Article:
Pulmonary vein isolation – still the cornerstone in atrial fibirillation ablation?
Atrial fibrillation (AF) is the most common cardiac arrhythmia with significant morbidity and mortality. It increases the risk of stroke 5-fold and doubles the risk of all-cause mortality (1, 2). Recent data suggest that AF hospitalizations have increased to overtake myocardial infarction and heart failure as the most common cause of cardiovascular admissions globally (3, 4). This common arrhythmia also significantly reduces the quality of life in affected patients (5). Considering the limited efficacy and possible side-effects of antiarrhythmic drugs (AAD), radiofrequency (RF) catheter ablation become a standard procedure as a second-line therapy after failure of at least one AAD, or alone as a first-line therapy in selected patients. The latter strategy is supported by numerous trials demonstrating superiority of catheter ablation over AAD therapy in maintaining sinus rhythm. For instance, multiple clinical trials report
AF free survival of 50-75% at 1-year post ablation, opposing to 10-30% with AADs only (6-11). In most of the multi-center, randomized clinical trials the ablation arm strategy was to achieve complete electrical pulmonary vein isolation, confirmed by the presence of exit and entrance block to the left atrium. In consequence, current ESC and HRS guidelines recognize PVI as “the cornerstone” in atrial fibrillation ablation. On top of pulmonary vein isolation, additional ablation targets can be considered, especially in patient with non-paroxysmal atrial fibrillation. Of these strategies, the most often applied are complex fractionated atrial electrograms (CFAE), ganglionated plexi ablation, additional linear ablation, and focal impulse or rotor modulation (FIRM).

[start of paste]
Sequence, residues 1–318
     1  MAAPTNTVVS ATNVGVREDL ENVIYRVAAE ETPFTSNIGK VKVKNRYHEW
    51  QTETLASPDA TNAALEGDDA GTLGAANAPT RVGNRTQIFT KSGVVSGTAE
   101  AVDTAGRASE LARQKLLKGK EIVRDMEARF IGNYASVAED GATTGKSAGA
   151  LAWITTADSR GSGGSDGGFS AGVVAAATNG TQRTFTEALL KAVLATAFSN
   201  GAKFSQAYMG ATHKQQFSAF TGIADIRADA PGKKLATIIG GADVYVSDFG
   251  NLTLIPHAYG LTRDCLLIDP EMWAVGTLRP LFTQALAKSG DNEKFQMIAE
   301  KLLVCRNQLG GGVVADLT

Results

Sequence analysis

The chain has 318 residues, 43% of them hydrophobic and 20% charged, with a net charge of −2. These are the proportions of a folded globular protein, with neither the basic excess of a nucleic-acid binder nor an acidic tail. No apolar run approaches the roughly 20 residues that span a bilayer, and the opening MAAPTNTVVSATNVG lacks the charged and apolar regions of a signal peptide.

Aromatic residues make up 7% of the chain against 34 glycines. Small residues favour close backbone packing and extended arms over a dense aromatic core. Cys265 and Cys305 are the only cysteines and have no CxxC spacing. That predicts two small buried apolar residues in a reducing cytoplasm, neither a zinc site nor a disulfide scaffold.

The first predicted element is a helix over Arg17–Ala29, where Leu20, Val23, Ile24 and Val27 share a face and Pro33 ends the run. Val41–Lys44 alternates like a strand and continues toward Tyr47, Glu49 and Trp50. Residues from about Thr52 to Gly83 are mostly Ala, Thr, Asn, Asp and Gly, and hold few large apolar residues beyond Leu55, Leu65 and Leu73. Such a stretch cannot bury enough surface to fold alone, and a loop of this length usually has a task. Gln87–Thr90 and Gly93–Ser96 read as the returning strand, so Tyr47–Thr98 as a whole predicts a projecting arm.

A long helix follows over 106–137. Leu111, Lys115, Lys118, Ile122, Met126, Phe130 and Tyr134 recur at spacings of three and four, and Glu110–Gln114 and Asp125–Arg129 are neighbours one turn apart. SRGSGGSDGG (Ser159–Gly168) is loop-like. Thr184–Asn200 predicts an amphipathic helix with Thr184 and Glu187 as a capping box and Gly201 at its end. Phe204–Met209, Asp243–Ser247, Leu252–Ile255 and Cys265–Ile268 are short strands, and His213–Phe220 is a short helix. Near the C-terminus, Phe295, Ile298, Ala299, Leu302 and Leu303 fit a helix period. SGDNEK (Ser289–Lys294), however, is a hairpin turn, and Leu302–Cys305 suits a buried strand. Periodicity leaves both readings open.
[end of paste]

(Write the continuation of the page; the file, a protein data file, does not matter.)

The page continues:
The initial concept of electrical isolation of pulmonary veins as treatment modality for paroxysmal AF was first proposed by Haïssaguerre et al. in 1998 (12). They demonstrated than ectopic beats originating from pulmonary veins can trigger AF, and electrical isolation of ectopic foci by means of catheter ablation may prevent the recurrence of arrhythmia. Out of 45 patients they studied a single point of origin of atrial ectopic beats was found in 29 patients, two points were identified in 9 patients, and three or four ectopic sites were identified in 7 patients. The important fact was that for a total of 69 ectopic foci, 65 were localized in the pulmonary veins (94%). In this initial study, RF catheter ablation of the ectopic foci resulted in freedom from AF recurrences in 62% patients in the follow up of 8 ± 6 months. This pioneer study by Haïssaguerre and colleagues launched the era of non-farmacological treatment of atrial fibrillation, based on pulmonary vein isolation by means of catheter ablation. Numerous radnomized clinical trials comparing PVI to antiarrhythmic therapy proved PVI to be far better effective in maintaining sinus rhythm than AADs alone (6-11).
The “gold standart” to achieve complete electrical pulmonary vein isolation is to perform point-by-point ablation with irrigated-tip catheter with the support a tree-dimensional (3D) electroanatomical system (fig. 1) and usually multipolar diagnostic catheter for pulmonary vein potentials assessment (fig. 2).
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